With so many different not-for-profit (NFP) organisations competing for members and donors – many within the same industry or for the same cause, and with similar benefits and service offerings – it can be hard for a NFP to stand out and differentiate itself. Good branding can separate your NFP from others, allowing it to receive more attention and more members or donors.
What is branding?
Branding is much more than a logo design and colour scheme. Good brands tell potential members what your NFP stands for, giving meaning to your product or service. Simply put, it’s how your members see you.
NFP marketing specialists Third Sector Services identify the following as crucial branding elements:Article continues below…
Symbols, logos and colours are important cues for NFPs. They aid recognition and help form a perception about what NFP does and what it stands for. A well designed logo represents the professionalism of a NFP, leaves a greater impression on potential members or donors and can even demonstrate the type of services that the NFP offers.
This relates to how the NFP wants the brand to be perceived, or what they want their brand to stand for. For example, a NFP may believe in providing outstanding service, which they demonstrate through being available at any time. Or, a NFP may stand for innovation via its services that are featured in their advertising, with all language focusing on innovation. Identity helps establish a relationship between the member or donor and the NFP.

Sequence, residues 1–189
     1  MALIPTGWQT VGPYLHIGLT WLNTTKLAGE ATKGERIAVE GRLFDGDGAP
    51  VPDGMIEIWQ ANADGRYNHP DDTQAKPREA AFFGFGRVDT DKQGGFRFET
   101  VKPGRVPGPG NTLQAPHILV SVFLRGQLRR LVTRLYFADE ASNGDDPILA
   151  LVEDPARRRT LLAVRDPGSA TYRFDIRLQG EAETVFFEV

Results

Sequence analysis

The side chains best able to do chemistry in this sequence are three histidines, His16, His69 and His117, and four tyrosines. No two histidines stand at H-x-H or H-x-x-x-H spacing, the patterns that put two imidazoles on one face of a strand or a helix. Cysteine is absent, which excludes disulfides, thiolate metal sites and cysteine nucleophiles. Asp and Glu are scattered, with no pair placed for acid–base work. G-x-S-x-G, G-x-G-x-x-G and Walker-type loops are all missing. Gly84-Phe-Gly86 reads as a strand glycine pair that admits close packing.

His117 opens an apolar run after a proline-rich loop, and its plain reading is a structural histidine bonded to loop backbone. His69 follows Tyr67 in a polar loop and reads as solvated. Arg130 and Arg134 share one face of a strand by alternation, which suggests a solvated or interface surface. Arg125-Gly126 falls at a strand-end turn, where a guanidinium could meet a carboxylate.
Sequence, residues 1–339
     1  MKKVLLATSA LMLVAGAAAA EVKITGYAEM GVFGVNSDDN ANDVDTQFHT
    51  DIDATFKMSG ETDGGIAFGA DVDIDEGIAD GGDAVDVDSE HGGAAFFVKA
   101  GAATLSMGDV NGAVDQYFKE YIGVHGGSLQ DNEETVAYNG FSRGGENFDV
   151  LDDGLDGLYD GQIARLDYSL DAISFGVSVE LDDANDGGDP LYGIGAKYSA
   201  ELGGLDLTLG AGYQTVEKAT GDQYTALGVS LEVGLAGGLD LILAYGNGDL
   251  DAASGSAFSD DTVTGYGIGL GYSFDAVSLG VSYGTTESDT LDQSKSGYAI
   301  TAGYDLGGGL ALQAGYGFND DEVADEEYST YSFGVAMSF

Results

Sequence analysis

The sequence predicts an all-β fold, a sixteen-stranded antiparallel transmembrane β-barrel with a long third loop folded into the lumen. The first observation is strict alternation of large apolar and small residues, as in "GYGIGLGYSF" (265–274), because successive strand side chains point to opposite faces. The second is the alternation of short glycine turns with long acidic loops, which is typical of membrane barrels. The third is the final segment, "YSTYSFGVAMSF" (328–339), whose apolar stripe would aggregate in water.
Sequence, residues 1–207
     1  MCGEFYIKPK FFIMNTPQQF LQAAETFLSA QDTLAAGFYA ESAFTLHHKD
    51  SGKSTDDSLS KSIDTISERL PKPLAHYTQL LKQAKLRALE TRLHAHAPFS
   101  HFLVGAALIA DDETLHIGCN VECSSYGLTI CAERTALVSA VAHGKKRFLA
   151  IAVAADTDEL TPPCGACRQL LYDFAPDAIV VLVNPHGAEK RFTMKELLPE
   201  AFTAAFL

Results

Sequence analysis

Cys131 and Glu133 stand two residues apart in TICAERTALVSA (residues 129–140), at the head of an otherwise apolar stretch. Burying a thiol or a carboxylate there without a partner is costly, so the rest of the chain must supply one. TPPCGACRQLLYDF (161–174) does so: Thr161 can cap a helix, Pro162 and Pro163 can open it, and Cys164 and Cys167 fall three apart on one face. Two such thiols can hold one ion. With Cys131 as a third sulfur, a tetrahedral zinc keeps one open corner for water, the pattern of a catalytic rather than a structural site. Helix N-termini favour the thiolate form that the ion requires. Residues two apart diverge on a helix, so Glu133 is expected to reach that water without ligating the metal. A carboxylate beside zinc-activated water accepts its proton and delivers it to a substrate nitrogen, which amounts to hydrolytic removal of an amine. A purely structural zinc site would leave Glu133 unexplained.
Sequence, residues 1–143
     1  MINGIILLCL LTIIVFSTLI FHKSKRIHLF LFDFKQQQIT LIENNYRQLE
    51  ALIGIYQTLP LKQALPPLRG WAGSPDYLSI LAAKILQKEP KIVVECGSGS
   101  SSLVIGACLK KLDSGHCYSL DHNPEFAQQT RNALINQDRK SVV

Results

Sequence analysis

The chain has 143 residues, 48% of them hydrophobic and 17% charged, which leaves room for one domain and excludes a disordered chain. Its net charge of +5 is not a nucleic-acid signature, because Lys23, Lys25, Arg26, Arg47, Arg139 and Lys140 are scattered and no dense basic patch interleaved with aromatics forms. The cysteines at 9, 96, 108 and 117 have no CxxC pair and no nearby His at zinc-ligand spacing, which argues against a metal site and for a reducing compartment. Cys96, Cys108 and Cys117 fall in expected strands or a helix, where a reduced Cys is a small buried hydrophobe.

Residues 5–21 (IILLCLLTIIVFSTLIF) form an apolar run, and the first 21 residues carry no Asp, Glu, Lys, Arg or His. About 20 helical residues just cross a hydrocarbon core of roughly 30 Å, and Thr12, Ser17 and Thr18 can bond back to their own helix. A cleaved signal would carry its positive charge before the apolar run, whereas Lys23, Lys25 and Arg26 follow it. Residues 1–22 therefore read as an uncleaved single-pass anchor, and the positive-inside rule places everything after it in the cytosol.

Brands have human-like characteristics that personify the NFP. Having a strong and understandable brand personality will help a NFP portray itself more clearly in marketing material and advertising, and build a stronger message. The clearer and more coherent the brand portrayal is, the better potential members or donors will recognise and recall the NFP. Displaying a clear brand personality also helps people identify with the NFP on a more personal level.
Most NFPs have beliefs and core values, such as innovation, professionalism or community, and these should be reflected in your brand. The clearer the values are the more prospective members or donors will identify with your brand, which will increase their preference for your NFP over others.
Once all of the components have been determined, the brand needs to be implemented via coherent and consistent use of the logo, tag line, use of language in advertising and other communication tools, image choices, and interactions with members or donors. For branding to have its maximum effect, all staff must understand and engage in the NFP’s brand to ensure the message is clear and consistent.